Deferred action for dreamers is available to any illegal immigrant who meets the strict requirements. DACA, as it is commonly referred to, is a Department of Homeland Security (DHS) directive that seeks to defer removal of a certain group of illegal immigrants. This is normally done to allow the immigrant to complete studies or apply for lawful residence in the United States.

DACA is specifically meant for individuals who entered the country illegally. The most important date to note is June 15th, 2012 when the law was enacted. Any arrival after this date cannot be considered for delayed deportation. Applicants must have arrived prior to this date, and before they were 16 years old. Continuous presence within US borders for two years before the law was enacted is also a requirement.

For an applicant to be considered for delayed removal, he or she must provide evidence proving their illegal status, date of entry, country of origin, age and education. Please note that applicants must not have been older than 31 years old when the law came into force. Birth certificates, IDs from country of origin, valid street address and other testimonials may be required to show that the applicant meets all the requirements.

Those who arrived in the country legally with a valid Visa, but continued living in the United States even after the permit expired can also apply for DACA. However, they must also meet all the minimum requirements. For instance, their age and education pursuits will come into focus when the authorities consider their application.

The government only grants deferral action to individuals who are considered outstanding members of the community. The applicants must be working or in school when applying for the deferral. A college degree, high school diploma or post graduate qualification may be needed. Alternatively, the applicant must have served in the armed forces. The applicant must not have committed serious misdemeanors or a felony in the country in order to qualify.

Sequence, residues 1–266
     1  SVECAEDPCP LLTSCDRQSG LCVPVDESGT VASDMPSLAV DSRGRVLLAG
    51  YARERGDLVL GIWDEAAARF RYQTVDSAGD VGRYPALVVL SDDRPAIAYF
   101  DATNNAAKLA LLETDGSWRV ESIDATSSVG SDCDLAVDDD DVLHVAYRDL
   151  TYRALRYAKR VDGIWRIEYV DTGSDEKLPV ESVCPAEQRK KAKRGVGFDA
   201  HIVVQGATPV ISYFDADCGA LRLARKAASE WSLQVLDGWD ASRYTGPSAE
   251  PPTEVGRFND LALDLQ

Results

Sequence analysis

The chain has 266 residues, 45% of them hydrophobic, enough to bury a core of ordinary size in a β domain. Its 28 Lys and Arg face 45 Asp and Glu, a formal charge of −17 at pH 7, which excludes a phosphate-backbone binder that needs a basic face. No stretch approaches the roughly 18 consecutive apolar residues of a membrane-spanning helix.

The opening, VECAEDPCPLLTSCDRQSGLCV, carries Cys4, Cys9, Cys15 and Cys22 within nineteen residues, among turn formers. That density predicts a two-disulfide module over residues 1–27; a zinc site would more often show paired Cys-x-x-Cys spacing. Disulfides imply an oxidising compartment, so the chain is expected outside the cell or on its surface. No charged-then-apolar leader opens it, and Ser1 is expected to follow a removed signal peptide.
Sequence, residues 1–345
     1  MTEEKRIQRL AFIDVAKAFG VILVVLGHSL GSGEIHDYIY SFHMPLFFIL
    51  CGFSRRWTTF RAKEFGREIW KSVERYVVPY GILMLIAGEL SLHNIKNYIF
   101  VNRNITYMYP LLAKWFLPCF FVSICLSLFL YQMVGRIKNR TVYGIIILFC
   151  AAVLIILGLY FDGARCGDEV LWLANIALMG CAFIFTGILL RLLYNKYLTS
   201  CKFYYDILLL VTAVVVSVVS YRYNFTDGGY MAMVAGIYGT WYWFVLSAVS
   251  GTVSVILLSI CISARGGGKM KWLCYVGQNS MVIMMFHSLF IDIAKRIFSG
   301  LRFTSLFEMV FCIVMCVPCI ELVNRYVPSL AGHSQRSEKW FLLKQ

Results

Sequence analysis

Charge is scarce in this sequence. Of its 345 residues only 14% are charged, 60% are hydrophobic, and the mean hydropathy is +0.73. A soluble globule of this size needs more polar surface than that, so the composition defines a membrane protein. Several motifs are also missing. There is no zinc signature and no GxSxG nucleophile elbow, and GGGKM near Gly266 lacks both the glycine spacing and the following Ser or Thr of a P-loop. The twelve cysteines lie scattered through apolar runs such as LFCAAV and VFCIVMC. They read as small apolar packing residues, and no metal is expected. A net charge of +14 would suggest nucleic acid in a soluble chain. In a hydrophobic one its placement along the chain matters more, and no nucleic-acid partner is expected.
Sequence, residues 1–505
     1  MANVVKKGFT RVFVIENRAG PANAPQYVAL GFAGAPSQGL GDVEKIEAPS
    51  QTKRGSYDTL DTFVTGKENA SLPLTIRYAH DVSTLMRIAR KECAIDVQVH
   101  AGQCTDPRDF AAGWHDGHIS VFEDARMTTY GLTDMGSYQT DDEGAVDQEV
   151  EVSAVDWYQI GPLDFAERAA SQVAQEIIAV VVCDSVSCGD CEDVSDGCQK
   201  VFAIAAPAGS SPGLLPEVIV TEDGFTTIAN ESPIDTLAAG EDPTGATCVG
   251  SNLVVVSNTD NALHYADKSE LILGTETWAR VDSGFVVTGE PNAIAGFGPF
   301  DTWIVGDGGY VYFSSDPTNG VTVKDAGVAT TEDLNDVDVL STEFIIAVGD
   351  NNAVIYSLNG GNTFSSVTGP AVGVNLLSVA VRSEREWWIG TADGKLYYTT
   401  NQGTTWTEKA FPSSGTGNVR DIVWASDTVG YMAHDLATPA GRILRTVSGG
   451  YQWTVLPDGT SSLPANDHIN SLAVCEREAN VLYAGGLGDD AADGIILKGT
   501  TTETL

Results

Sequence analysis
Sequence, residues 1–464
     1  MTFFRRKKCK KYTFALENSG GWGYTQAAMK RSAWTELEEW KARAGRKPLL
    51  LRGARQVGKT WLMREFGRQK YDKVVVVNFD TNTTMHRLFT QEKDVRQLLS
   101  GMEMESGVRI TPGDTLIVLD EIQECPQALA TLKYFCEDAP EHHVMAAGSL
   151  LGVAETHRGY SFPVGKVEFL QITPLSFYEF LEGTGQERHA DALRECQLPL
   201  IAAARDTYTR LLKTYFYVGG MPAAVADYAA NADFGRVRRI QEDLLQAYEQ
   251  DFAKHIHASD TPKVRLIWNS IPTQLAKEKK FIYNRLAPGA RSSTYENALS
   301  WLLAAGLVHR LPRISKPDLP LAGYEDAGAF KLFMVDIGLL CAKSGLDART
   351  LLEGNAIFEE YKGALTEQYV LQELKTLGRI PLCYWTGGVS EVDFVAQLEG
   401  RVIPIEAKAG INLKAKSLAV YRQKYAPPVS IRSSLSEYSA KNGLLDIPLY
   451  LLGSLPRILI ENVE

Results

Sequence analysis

The government can only consider deferring prosecution of an illegal immigrant if he or she does not pose a threat to public safety. In that regard, the relevant agencies normally vet each applicant to ensure that they are an asset, and not a liability, as they continue to live in the United States. Those who seem resourceful, law abiding and hard working can be allowed to continue residing in the country for two years as they try to legalize their stay.

The main objective of the Dreamers Act, which brought this law into force, was to protect American citizens as well as provide illegal immigrants who arrived in the country as minors a chance to pursue their dreams. The piece of legislation sought to strengthen the immigration enforcement system. This is done to protect US citizens as well as the country’s borders.

It is important to note that deferred action for dreamers does not provide legal status in the country. It only defers removal action against successful applicants. It does not also guarantee citizenship or permanent residency. Applicants should know this when applying for DACA. This law gives the appropriate authorities prosecutorial discretion, and it is not a legal right of any individual to be granted deferral of removal action.

You can visit the website www.immigrationgroup.com for more helpful information about Learn More About Deferred Action For Dreamers